A decision on whether to delay next year’s GCSE and A-level exams in England will be made “very soon”, schools minister Nick Gibb has said.
Ministers have been considering the issue since mid-June, he told the BBC, adding: “We’ll make a decision as soon as we can.”
He said the decision would be made with exam boards and the regulator, and take other UK nations into account.
It comes as most pupils in England and Wales prepare to return to school.
For many, it will be their first time in the classroom since March.
Labour has called for the exams – usually taken in May and June – to be pushed back to mid-summer to help cope with the impact of coronavirus.
On Monday, shadow education secretary Kate Green said students starting Year 11 and 13 in September had “a mountain to climb”, having missed months of schooling.
Scheduling exams for later next year would allow more catch-up teaching time, she said.
Mr Gibb said the government had to consider the time needed for exam marking and the university admissions process in making its decision.
“The issues are not simple,” he told the BBC.
“We have to take into account the other nations in the UK which also use the GCSEs and A-levels in their term dates; you have to take into account the time for marking, making sure results are delivered on a certain date for university admissions and so on.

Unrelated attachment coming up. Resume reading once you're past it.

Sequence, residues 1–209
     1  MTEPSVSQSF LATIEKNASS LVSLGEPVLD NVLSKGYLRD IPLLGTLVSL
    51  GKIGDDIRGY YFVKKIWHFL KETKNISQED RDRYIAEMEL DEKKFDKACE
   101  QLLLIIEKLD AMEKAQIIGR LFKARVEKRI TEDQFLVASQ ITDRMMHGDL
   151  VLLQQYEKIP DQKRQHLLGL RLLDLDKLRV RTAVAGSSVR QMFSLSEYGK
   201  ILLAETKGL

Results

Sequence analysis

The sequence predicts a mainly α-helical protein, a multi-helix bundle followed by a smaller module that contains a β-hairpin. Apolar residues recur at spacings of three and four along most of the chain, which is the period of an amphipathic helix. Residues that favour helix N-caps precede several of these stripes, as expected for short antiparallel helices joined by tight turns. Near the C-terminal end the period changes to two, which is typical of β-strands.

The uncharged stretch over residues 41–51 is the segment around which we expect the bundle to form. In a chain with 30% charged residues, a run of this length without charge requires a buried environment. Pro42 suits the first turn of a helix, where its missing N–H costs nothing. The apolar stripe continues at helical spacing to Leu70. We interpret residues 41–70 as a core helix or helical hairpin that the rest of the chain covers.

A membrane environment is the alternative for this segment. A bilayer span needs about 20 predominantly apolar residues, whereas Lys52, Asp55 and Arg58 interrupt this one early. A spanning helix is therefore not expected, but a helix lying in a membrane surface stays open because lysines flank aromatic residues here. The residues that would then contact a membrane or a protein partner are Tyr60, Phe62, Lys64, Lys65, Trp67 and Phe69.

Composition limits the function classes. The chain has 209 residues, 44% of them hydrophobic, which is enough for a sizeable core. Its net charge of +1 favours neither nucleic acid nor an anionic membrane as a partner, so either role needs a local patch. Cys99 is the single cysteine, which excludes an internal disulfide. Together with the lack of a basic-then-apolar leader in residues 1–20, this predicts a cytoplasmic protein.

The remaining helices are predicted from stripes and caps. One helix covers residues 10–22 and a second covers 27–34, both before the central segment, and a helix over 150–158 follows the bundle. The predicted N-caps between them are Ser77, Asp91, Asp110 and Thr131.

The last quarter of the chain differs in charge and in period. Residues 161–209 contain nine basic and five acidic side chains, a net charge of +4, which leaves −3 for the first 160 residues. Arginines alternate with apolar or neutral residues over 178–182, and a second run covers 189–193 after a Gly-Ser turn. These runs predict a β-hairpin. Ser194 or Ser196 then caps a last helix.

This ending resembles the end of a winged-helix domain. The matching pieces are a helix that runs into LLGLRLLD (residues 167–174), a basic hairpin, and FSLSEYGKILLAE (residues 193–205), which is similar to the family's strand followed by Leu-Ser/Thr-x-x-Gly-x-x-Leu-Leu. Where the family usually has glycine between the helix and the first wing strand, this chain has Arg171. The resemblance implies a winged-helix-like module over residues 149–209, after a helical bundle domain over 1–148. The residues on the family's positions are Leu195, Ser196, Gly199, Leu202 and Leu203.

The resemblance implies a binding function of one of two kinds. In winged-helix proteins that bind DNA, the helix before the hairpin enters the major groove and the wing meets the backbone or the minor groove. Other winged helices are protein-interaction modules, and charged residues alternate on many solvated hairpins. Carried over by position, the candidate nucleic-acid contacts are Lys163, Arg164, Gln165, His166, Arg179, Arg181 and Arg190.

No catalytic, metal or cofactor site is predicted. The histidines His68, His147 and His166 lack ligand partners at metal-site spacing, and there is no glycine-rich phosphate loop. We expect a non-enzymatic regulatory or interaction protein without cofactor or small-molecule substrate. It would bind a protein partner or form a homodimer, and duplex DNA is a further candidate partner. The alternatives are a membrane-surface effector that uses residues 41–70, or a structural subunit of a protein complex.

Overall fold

“There are a whole range of factors that the exam boards, Ofqual and the Department (for Education) are looking at, but we will form a decision very soon.”
Pushed on whether an answer would come by October, Mr Gibb added: “It will be very soon because we know schools need to know the answer to this question.”
This year’s exams were dogged by chaos and left teachers, parents and pupils calling for a major rethink of next summer’s exams.
Nearly 40% of A-level grades awarded to students using an algorithm were below teachers’ predictions, with disadvantaged students particularly badly affected.
Days after results were announced, and following widespread criticism, the government performed a U-turn and decided to base grades on teachers’ estimates instead.
But many pupils were left in limbo, having already missed out on university places for this year’s intake.
As schools gear up for the start of the autumn term, Mr Gibb urged parents to send their children back to help them to “catch up on the lost education”.
Asked what would happen if a child in school gets a cough, Mr Gibb said any pupil with coronavirus symptoms would be sent home to be tested.
If they test positive, all the children and adults that the child has come across will be traced and asked to self-isolate, he added, and a mobile testing unit could be sent into school to test others.